The 10-campus University of California system is implementing a statewide policy requiring that an individual’s gender identity is fully recognized on college campuses and even within the UC’s medical facilities.
The “Gender Recognition and Lived Name” policy mandates universities acknowledge individuals’ gender identity and preferred name on all university-issued documents by the end of December 2023.
“This policy applies to all university campuses, locations, laboratories, medical centers and health systems, as well as satellite offices, affiliates, and other units controlled by the Regents of the University of California,” the policy states.
The 12-page policy, approved in November 2020, highlights how it will require each university to comply, spelling out detailed guidance on the collection and reporting of gender identity, lived names and sexual orientation.
UC campuses and related facilities must offer at least three gender options on university-issued documents: woman, man and nonbinary, for anyone who has an academic or professional relationship with the system.
Along with a process that amends their gender designation and lived names, if the legal name of a student, employee or alumni is different than their lived name, then it must be kept confidential except on certain financial and legal documents, the policy states, adding a trans person’s legal name is also known as their “dead name.”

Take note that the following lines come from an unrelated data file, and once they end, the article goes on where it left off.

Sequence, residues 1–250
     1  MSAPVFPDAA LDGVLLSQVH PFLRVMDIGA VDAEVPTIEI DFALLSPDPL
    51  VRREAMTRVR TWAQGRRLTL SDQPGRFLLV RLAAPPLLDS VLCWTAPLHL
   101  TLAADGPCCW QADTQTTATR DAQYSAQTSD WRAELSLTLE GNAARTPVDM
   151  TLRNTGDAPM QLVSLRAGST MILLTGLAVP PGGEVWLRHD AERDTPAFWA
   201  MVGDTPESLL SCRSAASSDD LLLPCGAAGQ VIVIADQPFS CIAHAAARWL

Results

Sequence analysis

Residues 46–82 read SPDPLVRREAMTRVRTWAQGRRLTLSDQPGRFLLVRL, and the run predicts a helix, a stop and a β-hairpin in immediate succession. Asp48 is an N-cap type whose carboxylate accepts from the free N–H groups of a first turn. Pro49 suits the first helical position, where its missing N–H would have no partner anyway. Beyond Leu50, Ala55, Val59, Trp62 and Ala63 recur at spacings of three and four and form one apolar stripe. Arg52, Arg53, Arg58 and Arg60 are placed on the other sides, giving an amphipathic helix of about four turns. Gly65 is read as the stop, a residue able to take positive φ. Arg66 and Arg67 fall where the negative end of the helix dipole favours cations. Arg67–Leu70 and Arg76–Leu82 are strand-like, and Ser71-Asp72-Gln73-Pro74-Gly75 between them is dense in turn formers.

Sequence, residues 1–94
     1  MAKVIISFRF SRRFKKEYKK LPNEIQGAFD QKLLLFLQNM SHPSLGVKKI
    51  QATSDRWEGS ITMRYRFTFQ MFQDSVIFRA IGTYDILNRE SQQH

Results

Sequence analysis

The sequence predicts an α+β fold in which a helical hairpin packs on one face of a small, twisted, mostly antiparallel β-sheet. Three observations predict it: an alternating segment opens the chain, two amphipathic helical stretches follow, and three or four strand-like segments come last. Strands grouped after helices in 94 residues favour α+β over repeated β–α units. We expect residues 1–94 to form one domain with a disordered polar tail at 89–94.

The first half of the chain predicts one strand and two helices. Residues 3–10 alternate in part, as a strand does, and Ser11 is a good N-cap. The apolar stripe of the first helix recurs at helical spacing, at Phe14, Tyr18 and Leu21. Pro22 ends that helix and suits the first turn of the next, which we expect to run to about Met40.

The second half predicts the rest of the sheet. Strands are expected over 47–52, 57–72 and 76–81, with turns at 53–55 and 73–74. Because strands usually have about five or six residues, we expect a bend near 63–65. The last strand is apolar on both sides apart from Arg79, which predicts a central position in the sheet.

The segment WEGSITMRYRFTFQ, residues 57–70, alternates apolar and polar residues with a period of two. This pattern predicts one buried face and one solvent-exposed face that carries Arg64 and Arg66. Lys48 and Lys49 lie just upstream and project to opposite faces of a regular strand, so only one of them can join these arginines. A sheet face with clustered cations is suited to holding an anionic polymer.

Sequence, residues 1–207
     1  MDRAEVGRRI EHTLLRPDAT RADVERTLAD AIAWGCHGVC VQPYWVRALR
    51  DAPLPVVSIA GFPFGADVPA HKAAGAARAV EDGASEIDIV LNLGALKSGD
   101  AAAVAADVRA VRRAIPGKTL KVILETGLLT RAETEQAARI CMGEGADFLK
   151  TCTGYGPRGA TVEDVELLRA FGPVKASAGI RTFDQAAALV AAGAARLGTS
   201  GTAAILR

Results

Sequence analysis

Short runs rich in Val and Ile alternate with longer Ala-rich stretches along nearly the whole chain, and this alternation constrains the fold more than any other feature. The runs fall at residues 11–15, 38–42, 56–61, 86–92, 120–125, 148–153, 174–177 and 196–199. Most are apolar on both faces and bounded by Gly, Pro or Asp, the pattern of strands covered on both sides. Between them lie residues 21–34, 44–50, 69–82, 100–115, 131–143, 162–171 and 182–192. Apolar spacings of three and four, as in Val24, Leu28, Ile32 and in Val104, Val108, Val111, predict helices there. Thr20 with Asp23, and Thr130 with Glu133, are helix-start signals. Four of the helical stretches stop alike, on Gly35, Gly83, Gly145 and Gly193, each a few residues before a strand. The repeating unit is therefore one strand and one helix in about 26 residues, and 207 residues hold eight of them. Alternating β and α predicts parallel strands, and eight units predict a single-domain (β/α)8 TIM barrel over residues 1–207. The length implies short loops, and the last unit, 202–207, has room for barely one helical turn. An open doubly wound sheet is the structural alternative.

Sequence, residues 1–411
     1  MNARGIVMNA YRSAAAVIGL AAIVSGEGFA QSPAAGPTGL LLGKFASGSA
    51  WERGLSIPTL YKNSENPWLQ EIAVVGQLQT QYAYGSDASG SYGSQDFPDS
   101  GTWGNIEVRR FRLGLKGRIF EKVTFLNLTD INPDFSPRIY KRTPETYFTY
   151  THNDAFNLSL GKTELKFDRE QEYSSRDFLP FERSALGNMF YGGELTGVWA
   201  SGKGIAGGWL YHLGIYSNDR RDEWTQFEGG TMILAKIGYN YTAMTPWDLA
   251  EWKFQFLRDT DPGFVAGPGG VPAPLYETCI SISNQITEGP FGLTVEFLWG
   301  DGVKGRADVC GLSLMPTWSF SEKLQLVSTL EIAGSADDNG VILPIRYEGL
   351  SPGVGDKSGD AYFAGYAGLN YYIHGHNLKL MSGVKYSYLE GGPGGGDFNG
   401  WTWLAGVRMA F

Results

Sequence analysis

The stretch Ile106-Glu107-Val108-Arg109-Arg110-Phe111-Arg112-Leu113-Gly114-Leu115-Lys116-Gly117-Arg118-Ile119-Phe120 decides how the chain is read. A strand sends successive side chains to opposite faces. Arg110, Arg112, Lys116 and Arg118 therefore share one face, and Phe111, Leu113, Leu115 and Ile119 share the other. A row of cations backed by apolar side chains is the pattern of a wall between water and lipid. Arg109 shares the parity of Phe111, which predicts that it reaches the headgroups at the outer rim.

Plus, “Graduate, Undergraduate, and Equity Affairs at the University of California Office of the President is responsible for providing interpretations or clarifications of the policy.”
UC college officials are hopeful the policy will be fully implemented by the deadline.
“We have a campus committee that is working on the issue, and we will meet the deadline. This is an important policy,” Janet Gilmore, director of communications for UC Berkeley, told The College Fix. “The Gender Recognition and Lived Name policy ensures that all students, employees, alumni, and affiliates are identified by their accurate gender identity and lived name on university-issued identification documents and in UC’s information systems.”
When it comes to legal and health insurance documents, “safeguards need to be in place to protect and manage gender identity information; this includes controlling how the gender data is displayed in hardcopies and digital forms and properly training staff who have access to the data about their role as data stewards of UC privacy policies….”
The above comes from a July 25 posting on the College Fix.